January 7, 2007
Good friends, balmy weather and a beautiful river canyon made for a great day on the Little River in early January. I was particularly amped because I had not been on the water for a couple of weeks, due to the holidays, and I had just acquired a new boat and was eager to try it out. Few things are better than a “new boat day”. It’s a lot like a little kid on Christmas morning.
After checking the River gauge at the bridge (it was 5”) and scouting a line down the falls (to be run on a warmer day) we made our way to the put in for the upper two and chairlift sections. If you have not made this trip before be sure to allow extra time for a long shuttle shuffle. The put in is a few miles drive along the west rim and the take out is several miles down the east rim. There is a $3 charge to park at the bottom.
After making the shuttle you can rate your paddling buddies. They earn highest ratings if they have carried your boat down to the river for you while you made the shuttle drive. Medium points are awarded for hiding your helmet or other essential piece of gear (at least they thought of you). Lowest points are awarded for losers who leave all of your gear roadside for you to carry down after you drive their shuttle. Consistently low scoring paddle buddies will quickly make their way into the “guys I used to paddle with” category. My buddies made top marks on this particular trip. Smooth starts do not, however, guarantee a smooth trip.
There is plenty of warm up paddling before reaching the first major rapid on this section. It is best to take advantage of this warm up because the first test in this section is largely regarded as one of the worst holes in the southeast, Roadblock. If you are going to walk a rapid on this section, Roadblock is the one. Our group was evenly split between walkers and paddlers. The walkers went below to set up a rope while the others waited in the eddy above the pour over. We felt confident in letting in our first paddler’s abilities as he had run this rapid several times before. As he approached the lip it became evident that things were not going to go as smoothly as we had hoped. Our leader had suffered some sort of amnesia and was going over the wrong spot at the wrong speed. Rather than boofing over the hole, he landed, with no momentum, in the middle of it. Efforts to paddle out were futile as he was tractor-beamed back into the hole and introduced to the inner workings of one of the South’s nastiest holes. Five rope throws later we were able to extract him. Those waiting in the eddy for their turn opted to paddle to the portage.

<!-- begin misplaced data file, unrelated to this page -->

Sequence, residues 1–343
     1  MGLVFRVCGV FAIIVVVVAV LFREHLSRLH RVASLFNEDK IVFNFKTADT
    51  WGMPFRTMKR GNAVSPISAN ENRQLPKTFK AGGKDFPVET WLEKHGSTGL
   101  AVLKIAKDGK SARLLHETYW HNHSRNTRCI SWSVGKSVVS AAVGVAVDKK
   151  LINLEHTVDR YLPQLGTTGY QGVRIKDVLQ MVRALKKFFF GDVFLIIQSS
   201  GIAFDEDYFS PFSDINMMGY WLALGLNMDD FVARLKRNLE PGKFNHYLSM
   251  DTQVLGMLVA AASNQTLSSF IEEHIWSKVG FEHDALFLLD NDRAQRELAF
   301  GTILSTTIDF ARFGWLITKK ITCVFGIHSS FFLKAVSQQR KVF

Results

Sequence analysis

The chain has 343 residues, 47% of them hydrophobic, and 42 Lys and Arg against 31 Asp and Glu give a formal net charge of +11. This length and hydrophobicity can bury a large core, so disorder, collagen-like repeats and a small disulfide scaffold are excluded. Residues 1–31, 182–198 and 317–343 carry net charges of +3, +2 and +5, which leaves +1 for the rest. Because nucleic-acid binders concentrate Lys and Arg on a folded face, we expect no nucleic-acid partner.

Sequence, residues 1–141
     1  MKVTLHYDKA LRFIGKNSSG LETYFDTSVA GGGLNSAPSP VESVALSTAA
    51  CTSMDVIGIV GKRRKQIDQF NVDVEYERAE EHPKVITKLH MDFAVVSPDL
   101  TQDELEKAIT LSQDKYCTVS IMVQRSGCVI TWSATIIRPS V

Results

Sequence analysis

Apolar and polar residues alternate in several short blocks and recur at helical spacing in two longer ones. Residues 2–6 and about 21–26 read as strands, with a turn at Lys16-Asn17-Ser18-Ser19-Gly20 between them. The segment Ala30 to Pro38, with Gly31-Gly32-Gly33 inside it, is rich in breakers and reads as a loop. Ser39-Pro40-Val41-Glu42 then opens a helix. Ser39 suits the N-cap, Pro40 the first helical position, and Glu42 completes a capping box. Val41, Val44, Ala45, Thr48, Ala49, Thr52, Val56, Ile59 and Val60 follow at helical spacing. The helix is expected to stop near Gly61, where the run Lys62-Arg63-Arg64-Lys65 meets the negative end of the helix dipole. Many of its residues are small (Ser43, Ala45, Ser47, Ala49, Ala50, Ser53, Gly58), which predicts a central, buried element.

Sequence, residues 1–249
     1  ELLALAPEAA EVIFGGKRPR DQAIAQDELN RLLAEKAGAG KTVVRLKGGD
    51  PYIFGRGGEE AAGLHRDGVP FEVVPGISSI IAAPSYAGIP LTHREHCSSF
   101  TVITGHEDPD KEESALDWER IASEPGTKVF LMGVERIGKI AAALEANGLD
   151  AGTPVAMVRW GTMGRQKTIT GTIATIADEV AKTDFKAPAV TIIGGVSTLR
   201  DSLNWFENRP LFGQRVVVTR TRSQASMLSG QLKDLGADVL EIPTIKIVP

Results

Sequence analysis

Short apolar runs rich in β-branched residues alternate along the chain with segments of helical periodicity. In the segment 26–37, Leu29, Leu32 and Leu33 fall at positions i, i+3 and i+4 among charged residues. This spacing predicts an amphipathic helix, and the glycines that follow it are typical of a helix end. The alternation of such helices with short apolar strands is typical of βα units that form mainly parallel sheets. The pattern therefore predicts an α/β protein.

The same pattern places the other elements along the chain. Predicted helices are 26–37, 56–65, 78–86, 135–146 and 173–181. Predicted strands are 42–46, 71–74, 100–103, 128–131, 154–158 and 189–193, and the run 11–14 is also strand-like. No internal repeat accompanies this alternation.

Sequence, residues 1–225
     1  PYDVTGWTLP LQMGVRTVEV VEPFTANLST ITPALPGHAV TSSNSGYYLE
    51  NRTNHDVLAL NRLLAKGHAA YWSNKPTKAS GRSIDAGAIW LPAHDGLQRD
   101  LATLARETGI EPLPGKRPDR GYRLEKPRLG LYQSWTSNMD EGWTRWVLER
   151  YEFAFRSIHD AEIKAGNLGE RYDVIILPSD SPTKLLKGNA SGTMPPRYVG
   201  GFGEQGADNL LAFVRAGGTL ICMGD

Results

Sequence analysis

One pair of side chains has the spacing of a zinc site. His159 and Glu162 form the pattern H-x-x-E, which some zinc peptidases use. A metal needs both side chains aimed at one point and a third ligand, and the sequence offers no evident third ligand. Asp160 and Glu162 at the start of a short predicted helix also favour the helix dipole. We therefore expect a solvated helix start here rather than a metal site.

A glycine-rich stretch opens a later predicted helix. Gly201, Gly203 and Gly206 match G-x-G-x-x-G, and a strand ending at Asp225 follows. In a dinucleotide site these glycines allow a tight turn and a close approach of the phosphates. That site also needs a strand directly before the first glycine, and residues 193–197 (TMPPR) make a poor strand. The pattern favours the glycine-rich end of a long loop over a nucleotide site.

AW’s description of this hole’s ability to hold people for an uncomfortable period of time was proven accurate. This hole is large enough to immobilize swimmers in the middle of its circular hydraulic. All efforts to swim to the surface for air, or to the bottom to try to “sub-out” were countered by the “vacuum” created by the hydraulic.
Immediately following Roadblock is Humpty Dumpty. This is a great double drop rapid that really keeps you on your toes. Our group made it through with minimal carnage, mostly due to rattled nerves. Our Roadblock hole-tester was still boat-less at this point so the early descenders went looking for the missing boat and hand paddles. The boat was recovered a good distance downstream and after a cold swim its owner was reunited with it.
Epics like this one give you another opportunity to rate your paddling buddies. You find out who has safety equipment and, even more valuable, who knows how to use it! You also find out who has calm nerves in trying times. When things get ugly you want buddies who can make good decisions and execute them with skill. Whenever I witness carnage going down I remember that today I am on the rescue/recovery end of the rope, someday I will be on the other end.
The rest of the river went without incident. Deepthroat and Bottleneck rapids were great fun at this level. I was very pleased with my new boat’s inaugural ride. It showed great promise for many more great days on the river.
About the author:
Jamie Sanders is an outdoor enthusiast and jack of all trades. Paddling is his current passion, but you will find him trail running, climbing, backpacking, cycling, mountain biking or playing disc golf when it’s too dry to hit the river.